Public Service Loan Forgiveness (PSLF) program, designed to provide financial aid to professionals working in the government sector or not-for-profit organizations, has found its place in the President’s fiscal year 2020 budget. The Trump administration has proposed eliminating the program in an effort to streamline the student-loan system. This is not the first time when the Trump administration has proposed such an action. The administrative authority floated a similar proposal in 2017 with no fruition. Let’s find out more about the PSLF program, and the impact its elimination could have on the American public.
Public Service Loan Forgiveness Program: What is it
Public Service Loan Forgiveness program was initiated to offer financial aid for student debt repayments to professionals choosing low-paying critical government jobs such as firefighters, teachers, civil law representatives, and individuals working in the not-for-profit sector. PSLF program has strict eligibility requirements in terms of the nature of employment, length of employment, type of student loan, choice repayment plan, and 120 qualifying repayments. PSLF program is built to forgive only Direct loans, with an added benefit of tax-free forgiveness.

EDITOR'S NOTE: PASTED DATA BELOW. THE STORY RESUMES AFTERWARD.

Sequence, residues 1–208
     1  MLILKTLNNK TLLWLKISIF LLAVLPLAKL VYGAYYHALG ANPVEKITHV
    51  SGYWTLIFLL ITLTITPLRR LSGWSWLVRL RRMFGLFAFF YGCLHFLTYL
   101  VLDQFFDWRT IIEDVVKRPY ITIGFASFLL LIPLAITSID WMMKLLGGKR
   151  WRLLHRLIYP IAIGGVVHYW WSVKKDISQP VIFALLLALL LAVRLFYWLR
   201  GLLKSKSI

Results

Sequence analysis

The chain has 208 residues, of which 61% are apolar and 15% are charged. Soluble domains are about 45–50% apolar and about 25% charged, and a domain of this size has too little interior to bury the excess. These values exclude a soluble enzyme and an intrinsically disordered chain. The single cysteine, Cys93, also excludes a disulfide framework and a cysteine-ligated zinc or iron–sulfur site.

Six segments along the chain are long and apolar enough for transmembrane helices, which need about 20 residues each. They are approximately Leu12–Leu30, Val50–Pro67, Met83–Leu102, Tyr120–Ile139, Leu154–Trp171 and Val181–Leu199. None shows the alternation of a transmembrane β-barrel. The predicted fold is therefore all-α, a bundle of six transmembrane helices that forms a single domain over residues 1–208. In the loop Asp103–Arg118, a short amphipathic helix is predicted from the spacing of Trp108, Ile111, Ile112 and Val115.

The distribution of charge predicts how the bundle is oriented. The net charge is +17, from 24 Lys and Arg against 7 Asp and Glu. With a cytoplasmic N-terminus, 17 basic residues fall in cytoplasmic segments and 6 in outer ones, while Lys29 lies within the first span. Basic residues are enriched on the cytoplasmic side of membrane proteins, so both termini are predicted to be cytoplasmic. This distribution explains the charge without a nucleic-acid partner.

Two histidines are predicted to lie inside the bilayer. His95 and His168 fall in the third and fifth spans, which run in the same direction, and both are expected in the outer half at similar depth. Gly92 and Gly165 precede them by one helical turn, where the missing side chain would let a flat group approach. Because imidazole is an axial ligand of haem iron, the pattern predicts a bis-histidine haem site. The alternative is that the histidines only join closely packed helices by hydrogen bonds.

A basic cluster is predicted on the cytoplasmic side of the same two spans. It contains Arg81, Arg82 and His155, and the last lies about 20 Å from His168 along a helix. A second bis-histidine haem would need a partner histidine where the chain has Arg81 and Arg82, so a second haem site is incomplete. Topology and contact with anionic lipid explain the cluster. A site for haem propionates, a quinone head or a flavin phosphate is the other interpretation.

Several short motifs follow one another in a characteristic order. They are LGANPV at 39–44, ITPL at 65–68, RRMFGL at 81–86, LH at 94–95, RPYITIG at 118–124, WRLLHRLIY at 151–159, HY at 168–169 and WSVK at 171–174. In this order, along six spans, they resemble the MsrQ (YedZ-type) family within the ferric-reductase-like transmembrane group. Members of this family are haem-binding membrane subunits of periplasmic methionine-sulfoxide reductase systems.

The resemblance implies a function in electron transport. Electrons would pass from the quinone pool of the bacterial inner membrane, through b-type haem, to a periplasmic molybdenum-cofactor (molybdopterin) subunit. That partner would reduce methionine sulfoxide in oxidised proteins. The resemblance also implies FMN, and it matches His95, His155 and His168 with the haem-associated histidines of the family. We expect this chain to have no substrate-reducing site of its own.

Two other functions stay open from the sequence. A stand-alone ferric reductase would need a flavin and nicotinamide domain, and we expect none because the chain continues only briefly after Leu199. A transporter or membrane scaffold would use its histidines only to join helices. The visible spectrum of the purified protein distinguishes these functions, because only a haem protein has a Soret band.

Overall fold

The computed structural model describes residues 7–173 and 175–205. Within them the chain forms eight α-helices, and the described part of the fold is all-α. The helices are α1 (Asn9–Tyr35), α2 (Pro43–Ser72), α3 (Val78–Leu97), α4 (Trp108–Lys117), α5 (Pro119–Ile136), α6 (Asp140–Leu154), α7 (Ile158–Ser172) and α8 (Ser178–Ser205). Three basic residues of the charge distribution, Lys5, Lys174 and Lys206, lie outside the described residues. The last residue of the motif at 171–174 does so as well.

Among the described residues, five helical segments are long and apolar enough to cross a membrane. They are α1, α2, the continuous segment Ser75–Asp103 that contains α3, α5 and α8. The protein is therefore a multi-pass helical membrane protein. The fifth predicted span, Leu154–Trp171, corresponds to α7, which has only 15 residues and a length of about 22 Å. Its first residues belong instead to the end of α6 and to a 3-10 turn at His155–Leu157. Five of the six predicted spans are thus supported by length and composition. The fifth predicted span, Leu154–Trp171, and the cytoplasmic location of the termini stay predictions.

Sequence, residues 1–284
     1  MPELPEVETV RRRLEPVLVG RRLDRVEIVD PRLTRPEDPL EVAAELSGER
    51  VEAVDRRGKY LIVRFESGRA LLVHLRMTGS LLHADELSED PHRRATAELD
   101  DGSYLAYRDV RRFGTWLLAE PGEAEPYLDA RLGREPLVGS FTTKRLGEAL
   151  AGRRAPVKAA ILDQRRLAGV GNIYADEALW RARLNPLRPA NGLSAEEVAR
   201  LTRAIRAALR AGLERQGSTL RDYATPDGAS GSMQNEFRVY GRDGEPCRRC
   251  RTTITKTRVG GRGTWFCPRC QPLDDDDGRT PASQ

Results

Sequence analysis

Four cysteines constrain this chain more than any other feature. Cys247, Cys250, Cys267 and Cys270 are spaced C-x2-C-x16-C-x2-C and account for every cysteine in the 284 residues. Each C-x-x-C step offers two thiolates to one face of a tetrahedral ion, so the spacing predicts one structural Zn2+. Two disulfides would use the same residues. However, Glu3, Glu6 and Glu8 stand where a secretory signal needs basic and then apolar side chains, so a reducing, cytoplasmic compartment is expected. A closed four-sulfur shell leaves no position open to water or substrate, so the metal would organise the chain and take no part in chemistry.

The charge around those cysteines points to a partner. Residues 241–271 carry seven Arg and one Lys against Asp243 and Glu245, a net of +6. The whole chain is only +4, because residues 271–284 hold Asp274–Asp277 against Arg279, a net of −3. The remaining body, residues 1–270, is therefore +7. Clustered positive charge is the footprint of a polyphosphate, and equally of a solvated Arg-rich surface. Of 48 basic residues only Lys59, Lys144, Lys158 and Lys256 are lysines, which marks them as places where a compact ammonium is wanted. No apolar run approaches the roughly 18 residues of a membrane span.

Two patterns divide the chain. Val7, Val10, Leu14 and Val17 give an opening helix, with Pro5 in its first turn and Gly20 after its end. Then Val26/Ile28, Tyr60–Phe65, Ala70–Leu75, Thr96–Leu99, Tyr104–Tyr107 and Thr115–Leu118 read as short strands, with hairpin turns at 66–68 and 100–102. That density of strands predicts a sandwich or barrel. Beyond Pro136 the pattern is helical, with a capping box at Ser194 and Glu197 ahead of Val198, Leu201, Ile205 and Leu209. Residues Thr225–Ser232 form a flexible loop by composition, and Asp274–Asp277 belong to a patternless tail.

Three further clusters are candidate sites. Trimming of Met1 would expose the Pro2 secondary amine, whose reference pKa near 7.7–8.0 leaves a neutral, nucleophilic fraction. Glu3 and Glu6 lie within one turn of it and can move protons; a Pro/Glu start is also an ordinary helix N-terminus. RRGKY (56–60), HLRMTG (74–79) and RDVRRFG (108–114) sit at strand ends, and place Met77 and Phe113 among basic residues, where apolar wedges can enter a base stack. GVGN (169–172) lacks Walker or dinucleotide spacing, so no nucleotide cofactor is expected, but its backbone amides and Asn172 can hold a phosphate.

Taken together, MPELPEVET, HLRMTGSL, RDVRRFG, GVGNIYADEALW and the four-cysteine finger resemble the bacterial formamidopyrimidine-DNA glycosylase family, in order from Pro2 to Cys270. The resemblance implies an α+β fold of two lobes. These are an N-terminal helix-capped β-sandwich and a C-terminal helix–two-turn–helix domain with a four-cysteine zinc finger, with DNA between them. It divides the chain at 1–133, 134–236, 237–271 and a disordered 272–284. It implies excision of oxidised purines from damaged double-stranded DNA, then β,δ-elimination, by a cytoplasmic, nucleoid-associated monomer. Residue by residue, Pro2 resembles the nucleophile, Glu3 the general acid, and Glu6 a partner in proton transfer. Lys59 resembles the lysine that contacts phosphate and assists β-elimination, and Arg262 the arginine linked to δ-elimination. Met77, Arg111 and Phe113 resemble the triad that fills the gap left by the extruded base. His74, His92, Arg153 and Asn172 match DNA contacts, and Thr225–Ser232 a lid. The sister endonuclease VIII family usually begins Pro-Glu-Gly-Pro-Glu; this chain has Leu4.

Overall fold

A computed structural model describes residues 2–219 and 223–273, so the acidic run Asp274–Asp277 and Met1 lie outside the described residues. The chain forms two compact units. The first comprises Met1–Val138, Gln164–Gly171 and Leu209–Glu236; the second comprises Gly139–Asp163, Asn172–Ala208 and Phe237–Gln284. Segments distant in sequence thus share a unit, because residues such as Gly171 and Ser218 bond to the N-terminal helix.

How has it worked so far?
The proposal to eliminate the PSLF program by Trump’s administration is likely to be perceived critically by program beneficiaries as well as program supporters, especially considering its below 1% success rate. Out of the 49,669 applications received for loan forgiveness as of September 30, 2018, only 423 were approved by the PSLF service, and out of these, 206 loans were discharged. Student advocates have often called PSLF requirements too strict to fulfill, a fact confirmed by the rejection of over 32,000 applications for not meeting program requirements.
What impact will it have
Americans have a net student debt of over $1.5 trillion, and this move is nothing short of a setback for professionals working towards loan forgiveness. It is important to note that student loan is the second highest debt category in the U.S after mortgages. At least 44 million Americans have some student debt, with a default rate of roughly 10.7%. If the Trump administration is successful in getting the bill approved, it could be a huge discouragement for students aiming for government jobs or a career in non-profit organizations.
As of now, the elimination of the PSLF program is only a part of the President’s budget, and according to experts, it is highly unlikely to make its way into enactment. Professionals seeking relief under the PSLF program should continue making repayments, and seek expert advice when required.